Communication with the public

Communication Title Media Place Year
Talks/events/exhibitions Genomik der Anpassung bei Alpenpflanzen German-speaking Switzerland 2018

Associated projects

Number Title Start Funding scheme
182675 Ecological Genomics of Plant Adaptation 01.10.2018 Project funding
141260 Genomic divergence in plants: exploring the consequences of ecological adaptation for plant divergence and speciation 01.05.2012 Project funding

Abstract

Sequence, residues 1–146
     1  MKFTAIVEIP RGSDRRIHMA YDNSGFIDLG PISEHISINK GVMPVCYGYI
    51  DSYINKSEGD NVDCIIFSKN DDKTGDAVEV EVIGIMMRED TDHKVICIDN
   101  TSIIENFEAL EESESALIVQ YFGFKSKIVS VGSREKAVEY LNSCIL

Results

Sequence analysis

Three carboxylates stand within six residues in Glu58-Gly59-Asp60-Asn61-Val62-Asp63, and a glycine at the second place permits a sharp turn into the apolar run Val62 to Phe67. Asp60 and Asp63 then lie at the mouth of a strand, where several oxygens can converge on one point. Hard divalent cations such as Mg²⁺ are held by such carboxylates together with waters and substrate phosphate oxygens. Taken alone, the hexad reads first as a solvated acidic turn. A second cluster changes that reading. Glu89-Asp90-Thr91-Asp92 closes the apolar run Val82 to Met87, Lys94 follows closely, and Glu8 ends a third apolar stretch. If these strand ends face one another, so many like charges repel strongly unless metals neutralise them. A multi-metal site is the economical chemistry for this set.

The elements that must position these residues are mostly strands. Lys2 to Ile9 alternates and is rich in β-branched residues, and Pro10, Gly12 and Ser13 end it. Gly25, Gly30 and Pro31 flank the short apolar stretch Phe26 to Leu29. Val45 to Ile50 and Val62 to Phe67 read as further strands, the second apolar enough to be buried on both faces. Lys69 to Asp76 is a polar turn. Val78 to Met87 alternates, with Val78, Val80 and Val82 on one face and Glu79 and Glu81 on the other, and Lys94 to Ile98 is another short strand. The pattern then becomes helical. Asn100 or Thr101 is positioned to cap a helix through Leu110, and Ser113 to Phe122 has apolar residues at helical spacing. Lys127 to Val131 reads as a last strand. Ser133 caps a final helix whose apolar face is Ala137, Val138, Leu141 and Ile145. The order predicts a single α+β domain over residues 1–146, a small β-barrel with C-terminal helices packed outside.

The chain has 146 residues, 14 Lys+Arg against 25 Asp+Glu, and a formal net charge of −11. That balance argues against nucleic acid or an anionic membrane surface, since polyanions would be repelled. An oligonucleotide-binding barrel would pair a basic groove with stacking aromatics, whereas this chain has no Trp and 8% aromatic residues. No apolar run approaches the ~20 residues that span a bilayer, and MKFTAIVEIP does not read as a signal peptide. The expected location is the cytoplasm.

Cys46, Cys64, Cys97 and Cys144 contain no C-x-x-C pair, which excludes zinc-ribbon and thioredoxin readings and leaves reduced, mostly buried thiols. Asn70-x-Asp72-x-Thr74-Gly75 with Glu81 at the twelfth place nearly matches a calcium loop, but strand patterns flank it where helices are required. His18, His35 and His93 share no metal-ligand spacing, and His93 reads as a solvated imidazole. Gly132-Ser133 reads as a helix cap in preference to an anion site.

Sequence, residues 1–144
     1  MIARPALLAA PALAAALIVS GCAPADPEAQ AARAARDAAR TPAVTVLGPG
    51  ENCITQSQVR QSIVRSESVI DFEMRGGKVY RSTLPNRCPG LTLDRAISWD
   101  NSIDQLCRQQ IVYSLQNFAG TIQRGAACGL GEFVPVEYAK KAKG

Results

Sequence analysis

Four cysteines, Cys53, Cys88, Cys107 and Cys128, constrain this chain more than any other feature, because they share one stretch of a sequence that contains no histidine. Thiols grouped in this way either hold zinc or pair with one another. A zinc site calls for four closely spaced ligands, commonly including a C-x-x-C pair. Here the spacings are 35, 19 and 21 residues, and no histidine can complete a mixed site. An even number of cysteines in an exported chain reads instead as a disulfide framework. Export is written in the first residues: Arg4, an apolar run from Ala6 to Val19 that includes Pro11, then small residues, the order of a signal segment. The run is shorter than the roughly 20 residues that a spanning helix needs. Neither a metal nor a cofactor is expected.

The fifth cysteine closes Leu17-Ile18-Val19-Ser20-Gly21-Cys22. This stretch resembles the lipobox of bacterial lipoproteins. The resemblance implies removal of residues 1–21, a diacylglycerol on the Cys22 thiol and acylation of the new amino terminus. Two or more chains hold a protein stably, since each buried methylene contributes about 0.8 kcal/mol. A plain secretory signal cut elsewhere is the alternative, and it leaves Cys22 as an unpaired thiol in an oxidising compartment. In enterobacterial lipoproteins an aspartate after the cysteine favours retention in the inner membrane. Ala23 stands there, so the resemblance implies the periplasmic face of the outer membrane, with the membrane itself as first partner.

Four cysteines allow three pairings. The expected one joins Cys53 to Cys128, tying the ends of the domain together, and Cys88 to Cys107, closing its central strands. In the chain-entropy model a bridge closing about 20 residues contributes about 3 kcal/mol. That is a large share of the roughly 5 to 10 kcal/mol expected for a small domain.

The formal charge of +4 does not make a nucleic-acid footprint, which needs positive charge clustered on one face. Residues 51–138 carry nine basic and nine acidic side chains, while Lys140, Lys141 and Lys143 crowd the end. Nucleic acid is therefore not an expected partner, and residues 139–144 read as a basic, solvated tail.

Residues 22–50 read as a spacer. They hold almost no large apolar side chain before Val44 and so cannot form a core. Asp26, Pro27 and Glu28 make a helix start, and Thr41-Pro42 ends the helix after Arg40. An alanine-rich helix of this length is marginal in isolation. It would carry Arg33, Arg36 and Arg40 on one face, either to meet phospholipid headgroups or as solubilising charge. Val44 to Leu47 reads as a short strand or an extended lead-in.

Developing a better understanding of plant adaptation to the environment is an important goal in modern plant sciences because adaptation is essential for the continued existence of viable plant populations and communities and for future crop production. Studying plant adaptation requires a multidisciplinary approach that focuses not only on the genes or genetic variants underlying adaptation, but also investigates the ecological effects and molecular functions of adaptive variation, and its evolutionary origins. The goal of this project is to contribute to the understanding of adaptation by continuing ongoing studies on altitudinal adaptation and ecological divergence in natural populations of wild carnation (Dianthus) using a combination of approaches from population genomics, evolutionary ecology and molecular plant biology. A major resource for this project is the assembly of draft genomes for D. sylvestris and D. carthusianorum, which facilitates the identification of highly differentiated genes and genomic regions associated with altitudinal adaptation and ecotype formation in both species. Interestingly, adaptive divergence between altitudinal ecotypes in both species is largely located in different genomic regions, indicating limited parallel adaptation to altitude in these species. In this project we plan to dissect and validate the genomic basis of altitudinal adaptation and divergence in Dianthus, and to explore the contribution of ancient polymorphisms versus novel mutations to adaptive genetic variation in Dianthus. The specific aims and objectives of this project are 1) to further characterize genomic divergence between altitudinal ecotypes in D. sylvestris and D. carthusianorum, 2) to experimentally validate the fitness effects and molecular functions of candidate genes and genomic regions, 3) to identify genes associated with phenotypic divergence between ecotypes using a genome-wide association approach, and 4) to quantify the genomic distribution and age of ancient polymorphisms versus novel mutations.Results from this project will hopefully reveal causal genes for altitudinal adaptation in Dianthus, unravel the genomic context of these genes - for example, whether they are located in inversions or other regions with reduced recombination rates, and whether they are arranged in tight linkage with other 'adaptation' genes - reveal the origins of shared ancestral polymorphisms in adaptive alleles and shed light on the long-standing question whether adaptation evolves from novel mutations or standing genetic variation.